We spend a quiet Sunday in Louisville, pass miles of dry stone fences, visit Lincoln’s birthplace, and admire endless fields of bluegrass. Life on the road has already begun to wear on us, and I suggest we stay longer. How great would it be to wake up in the morning without worrying about searching for a sink to brush our teeth? To have a kitchen again would be a luxury above any other. I remind myself of all that we would be depriving ourselves of, and change my mind. After all, desert dreaming is the only thing keeping us warm while sleeping in the car during those frigid hours between sunset and sunrise.
Beyond the beauty of the state, we spend most of our time learning about those who passed over this land before us. Their deteriorating bones fertilize this rich Kentucky earth. One of those men is the famous Daniel Boone. We have crossed his trail several times over the past few weeks, and finally find ourselves standing in front of his resting place. His explorations ended with an overdose on sweet potatoes. At least, that is what his family believed. We learn the tragic story of Jenny Wiley, and travel underground within Mammoth Cave. In this green earth, rows of cemetery stones stand like humble headboards. In somber engravings, we find records of life. Their stories shape our past and pilot our future. Their memories remind us where we are, who we are, and why we are.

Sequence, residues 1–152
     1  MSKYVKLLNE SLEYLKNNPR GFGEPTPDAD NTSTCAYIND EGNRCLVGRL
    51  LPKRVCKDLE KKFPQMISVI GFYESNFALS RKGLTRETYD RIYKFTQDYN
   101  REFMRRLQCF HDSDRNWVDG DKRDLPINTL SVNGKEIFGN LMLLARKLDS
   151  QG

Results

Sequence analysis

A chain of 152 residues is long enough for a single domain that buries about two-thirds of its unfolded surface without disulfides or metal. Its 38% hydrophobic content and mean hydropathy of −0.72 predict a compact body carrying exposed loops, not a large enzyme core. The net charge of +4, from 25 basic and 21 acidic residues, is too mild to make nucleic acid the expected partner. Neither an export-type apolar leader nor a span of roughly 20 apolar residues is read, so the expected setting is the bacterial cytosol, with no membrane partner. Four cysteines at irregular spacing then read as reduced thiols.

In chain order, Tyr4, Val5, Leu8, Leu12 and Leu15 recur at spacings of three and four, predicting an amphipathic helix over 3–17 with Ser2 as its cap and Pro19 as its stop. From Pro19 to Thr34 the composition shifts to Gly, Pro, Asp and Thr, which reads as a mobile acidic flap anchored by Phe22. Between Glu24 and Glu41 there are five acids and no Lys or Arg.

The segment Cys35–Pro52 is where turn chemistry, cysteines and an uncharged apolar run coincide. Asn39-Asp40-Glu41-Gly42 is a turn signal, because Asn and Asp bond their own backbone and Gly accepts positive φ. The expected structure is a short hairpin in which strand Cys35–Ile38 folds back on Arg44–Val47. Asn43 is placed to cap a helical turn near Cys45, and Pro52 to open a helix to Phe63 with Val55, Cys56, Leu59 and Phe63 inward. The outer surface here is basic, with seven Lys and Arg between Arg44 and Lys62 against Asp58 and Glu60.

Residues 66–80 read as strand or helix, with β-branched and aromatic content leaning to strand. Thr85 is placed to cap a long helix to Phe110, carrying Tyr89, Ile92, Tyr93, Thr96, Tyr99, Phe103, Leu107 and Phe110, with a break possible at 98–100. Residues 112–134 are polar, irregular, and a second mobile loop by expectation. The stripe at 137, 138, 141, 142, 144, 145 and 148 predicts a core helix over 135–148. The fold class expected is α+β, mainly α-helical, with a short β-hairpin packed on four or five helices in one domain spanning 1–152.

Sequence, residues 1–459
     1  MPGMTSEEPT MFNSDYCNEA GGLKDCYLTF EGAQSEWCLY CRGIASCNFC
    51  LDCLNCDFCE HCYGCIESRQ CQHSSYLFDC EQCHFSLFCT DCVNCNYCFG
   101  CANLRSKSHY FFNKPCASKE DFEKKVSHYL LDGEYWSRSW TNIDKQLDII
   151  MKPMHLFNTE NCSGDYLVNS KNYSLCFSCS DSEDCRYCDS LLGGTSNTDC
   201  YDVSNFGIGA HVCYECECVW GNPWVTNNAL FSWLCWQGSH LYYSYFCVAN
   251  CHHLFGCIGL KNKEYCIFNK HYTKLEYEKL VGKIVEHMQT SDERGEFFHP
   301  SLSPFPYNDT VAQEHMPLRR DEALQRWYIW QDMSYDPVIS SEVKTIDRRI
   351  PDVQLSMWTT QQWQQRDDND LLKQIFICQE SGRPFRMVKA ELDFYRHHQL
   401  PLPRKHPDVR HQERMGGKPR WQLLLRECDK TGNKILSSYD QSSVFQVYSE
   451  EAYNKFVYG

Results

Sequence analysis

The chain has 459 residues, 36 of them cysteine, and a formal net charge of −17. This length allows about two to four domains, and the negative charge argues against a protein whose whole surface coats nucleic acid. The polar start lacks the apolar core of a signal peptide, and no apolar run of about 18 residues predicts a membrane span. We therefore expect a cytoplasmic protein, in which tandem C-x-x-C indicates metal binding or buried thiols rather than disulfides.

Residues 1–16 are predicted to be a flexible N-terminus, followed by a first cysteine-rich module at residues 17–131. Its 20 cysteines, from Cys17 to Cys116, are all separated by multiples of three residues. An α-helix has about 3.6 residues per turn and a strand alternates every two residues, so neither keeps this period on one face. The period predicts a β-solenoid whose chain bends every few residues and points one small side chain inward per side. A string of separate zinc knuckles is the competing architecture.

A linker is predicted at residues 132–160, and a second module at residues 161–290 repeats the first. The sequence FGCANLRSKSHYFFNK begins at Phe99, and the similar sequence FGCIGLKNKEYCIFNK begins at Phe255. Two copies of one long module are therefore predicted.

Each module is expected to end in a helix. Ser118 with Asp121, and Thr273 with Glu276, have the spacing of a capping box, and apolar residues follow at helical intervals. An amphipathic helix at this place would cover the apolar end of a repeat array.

We pull away from a perfectly groomed Kentucky Horse Park, and I watch a trainer pull the reins of a brilliant blue stallion. He towers above her in perfect form, as his mane is combed by the wind. I long to capture his resounding strength. In this place, acceptance and peace coincide with death. Alfonso, also inspired by the legends of this state, carries a chorus of glorious sadness, and leads me into my next canvas. His lyrics, I mirror-write into my work: